“Any good gutter installer is going to use heavy duty hangers and space them more often,” Ealer said. “You want to make sure you use really strong hangers; standard spacing is 24”… On a metal roof, you want to make sure you have them at a maximum of 24” apart, and better yet 20”. And that’s true whether you’re working in the northern climates with snow, or in the southern climates with rain. The water comes off the metal roof so fast, it’s going to fill up the gutters faster, so there’s more weight involved.”
Also, make sure the hidden hangers are screwed very securely.
Snow Retention: In snow and ice areas, snow retention for metal roofs is essential.
“The thing you have to remember, whether it’s snow or rain, the metal roofing is so much slicker and faster than standard shingles so it’s really necessary in cold areas to use snow brakes. That is one of the most important things to do,” he said.
Gutter Cover Options: On metal roofs (after the snow retention is installed and the gutters are placed lower than the roofline with ample strong hangers spaced correctly), the icing on the cake is the placement of gutter covers. Regional conditions again play a role in the best selection. Covers, in fact, don’t just help with keeping debris out of gutters and eliminating routine cleaning, they also help control rain and snow.
A solid gutter cover is best in heavy snow areas. “If it’s a solid aluminum gutter cover on top of the gutter, that will help shed the snow and ice off the gutters,” Ealer explained.
“In the South, where heavy rains are more prevalent, the best choice is a screen. Those accept more water (the big downpours they have), but they’re not really good for holding up snow,” he added.
A general rule of thumb: Use gutter covers where it snows, and screens where it rains.
Just a few years ago, Midwest introduced the first gutter cover that is particularly good for metal roofs.
“We came out with E-Z-HydroClean and E-Z-HydroClean High Capacity,” he said. “It’s the only solid gutter cover in the country that just snaps into the gutter; you don’t need to fasten it with any screws to the gutter or the roof. It’s very low-profile.”
The High Capacity version is considered the company’s “Cadillac” of gutter protection styles.
De-Icing Systems: If you are in an area where freezing and thawing occurs throughout the winter, the building owner may wish to invest in a roof de-icing, or radiant heat, system to keep damaging icicles at bay, particularly on the north-facing side of the roof where icing problems are typically more prevalent.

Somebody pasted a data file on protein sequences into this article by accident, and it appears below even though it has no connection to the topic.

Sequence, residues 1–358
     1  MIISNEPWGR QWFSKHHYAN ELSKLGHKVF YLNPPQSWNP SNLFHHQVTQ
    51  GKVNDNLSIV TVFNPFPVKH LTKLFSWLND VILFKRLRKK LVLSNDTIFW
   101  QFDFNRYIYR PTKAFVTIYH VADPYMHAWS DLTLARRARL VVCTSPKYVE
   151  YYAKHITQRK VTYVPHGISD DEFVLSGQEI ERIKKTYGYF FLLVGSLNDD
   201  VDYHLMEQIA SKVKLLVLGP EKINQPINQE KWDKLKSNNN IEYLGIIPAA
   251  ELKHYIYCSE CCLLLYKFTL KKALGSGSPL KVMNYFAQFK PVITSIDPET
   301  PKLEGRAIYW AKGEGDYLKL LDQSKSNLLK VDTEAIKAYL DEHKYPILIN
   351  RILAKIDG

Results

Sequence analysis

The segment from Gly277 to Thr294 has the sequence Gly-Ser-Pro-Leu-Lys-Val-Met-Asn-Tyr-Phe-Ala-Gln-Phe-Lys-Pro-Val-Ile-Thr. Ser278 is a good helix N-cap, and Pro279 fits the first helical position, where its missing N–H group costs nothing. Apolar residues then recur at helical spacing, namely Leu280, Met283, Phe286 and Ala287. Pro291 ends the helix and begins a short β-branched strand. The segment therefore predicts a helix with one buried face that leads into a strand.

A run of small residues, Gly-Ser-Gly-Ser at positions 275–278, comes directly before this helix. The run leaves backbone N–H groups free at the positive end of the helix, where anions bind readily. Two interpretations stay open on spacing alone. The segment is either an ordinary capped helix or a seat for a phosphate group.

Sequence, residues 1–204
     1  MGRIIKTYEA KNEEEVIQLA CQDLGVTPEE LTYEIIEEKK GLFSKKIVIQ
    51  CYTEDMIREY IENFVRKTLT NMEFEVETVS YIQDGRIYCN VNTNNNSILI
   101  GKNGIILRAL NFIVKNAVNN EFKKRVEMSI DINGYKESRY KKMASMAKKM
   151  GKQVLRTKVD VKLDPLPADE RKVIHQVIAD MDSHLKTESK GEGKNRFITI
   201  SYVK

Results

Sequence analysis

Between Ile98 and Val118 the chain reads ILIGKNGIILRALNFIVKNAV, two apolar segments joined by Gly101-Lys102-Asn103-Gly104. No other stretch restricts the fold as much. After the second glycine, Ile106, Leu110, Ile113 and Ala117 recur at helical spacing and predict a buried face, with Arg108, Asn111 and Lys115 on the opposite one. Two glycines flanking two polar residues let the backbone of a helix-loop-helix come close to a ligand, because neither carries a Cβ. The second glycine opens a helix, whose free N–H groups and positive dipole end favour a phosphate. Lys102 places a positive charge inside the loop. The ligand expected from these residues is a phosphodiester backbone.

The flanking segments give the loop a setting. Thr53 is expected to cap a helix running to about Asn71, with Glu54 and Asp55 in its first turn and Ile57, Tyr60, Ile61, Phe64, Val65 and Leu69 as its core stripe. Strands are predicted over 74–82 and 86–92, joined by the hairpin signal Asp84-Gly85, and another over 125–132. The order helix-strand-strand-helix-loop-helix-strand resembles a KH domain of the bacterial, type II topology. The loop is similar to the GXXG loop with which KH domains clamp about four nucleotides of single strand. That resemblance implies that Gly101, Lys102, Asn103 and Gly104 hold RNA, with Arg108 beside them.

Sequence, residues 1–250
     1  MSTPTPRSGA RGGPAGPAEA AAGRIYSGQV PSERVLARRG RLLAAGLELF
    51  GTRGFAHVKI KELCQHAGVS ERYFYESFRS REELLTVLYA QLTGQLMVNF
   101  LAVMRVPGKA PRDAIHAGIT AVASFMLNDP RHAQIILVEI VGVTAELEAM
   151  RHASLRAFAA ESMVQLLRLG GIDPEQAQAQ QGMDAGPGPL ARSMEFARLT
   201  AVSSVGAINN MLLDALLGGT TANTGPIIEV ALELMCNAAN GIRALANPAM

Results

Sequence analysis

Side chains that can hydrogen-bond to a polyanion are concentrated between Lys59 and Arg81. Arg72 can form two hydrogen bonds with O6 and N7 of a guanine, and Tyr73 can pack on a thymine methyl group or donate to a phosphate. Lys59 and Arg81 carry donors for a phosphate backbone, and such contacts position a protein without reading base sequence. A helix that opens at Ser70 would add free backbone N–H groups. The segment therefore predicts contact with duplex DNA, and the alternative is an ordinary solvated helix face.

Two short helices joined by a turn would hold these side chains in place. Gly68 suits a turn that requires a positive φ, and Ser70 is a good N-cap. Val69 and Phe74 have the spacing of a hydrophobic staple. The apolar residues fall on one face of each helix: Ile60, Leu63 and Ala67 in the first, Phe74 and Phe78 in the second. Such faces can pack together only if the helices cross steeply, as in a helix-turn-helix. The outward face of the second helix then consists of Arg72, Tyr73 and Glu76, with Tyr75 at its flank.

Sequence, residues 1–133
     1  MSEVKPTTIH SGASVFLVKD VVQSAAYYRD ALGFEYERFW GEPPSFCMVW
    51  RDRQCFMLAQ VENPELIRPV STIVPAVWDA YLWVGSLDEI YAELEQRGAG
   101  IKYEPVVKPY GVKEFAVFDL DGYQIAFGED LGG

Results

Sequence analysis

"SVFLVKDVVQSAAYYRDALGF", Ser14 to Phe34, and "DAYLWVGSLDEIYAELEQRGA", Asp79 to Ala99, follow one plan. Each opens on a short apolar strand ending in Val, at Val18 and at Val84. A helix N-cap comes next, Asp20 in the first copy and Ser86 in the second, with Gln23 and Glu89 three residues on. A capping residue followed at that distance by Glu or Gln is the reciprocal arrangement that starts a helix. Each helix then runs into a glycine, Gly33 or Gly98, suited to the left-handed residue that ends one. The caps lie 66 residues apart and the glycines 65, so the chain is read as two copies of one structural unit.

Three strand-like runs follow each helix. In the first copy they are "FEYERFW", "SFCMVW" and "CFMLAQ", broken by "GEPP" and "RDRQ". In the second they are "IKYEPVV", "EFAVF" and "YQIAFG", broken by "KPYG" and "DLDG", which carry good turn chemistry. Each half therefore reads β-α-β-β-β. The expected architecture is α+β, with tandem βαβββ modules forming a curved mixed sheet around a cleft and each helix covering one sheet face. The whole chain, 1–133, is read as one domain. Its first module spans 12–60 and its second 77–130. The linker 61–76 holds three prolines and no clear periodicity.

“A lot of times it depends on the freeze and thaw cycle, and which directions your gutters are pointing, as to whether the roof is more susceptible to icicles,” Ealer noted. De-icing systems are not common on most roofs, and Ealer is not familiar with the options, but realizes that it can be an effective solution for some problem roofs and can avoid gutter and cover damage.
The Trouble With Trees: What type of trees are near the roof can make a huge difference in the type of gutter protection you should select.
“If you just have oak trees, then a standard type of screen is fine,” Ealer said. “But if you have trees with smaller leaves, like a poplar, you need a screen with smaller holes.”
The most difficult of all, however, are evergreen trees. “That’s the most difficult debris to combat,” he said. “A large volume of pine needles comes off a pine tree and fills up your gutters in the matter of no time. That takes a specialized gutter protection.”
Give ’em What They Want
In his own arsenal of gutter protection, Ealer said his company has developed just about every type of gutter cover for every situation, but admits that part of its inventory is to appease installers who are devoted to a particular style.
“Once a gutter installer has success with a product, it’s really hard to get them to change. They’re very loyal to that type of product,” Ealer said. “They may change brands but they won’t change types. So the reason we have so many different types of gutter protection is so the distributor can combine sales with all the different gutter protection they offer. Even though they might sell most of one particular screen or cover, they can also take care of the installer who might want an oddball type. There’s a competitor to all those types of screens, we’re just the only one that can provide them all.”
If you decide to offer gutter protection as an add-on, Ealer reminds you that knowledge is power, and knowing what can work best in your own area is half of the battle of upselling to your customer.